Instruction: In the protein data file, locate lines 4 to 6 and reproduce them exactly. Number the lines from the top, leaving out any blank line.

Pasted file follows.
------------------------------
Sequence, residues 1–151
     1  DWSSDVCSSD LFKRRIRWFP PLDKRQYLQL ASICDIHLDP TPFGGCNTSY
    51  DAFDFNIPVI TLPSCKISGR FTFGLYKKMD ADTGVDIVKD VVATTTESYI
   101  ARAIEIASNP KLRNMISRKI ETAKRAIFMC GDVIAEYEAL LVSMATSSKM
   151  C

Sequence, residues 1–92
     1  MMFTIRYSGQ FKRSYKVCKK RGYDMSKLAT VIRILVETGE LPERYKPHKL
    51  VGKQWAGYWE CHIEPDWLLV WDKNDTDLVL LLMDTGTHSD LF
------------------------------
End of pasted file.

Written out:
   101  ARAIEIASNP KLRNMISRKI ETAKRAIFMC GDVIAEYEAL LVSMATSSKM
   151  C

Sequence, residues 1–92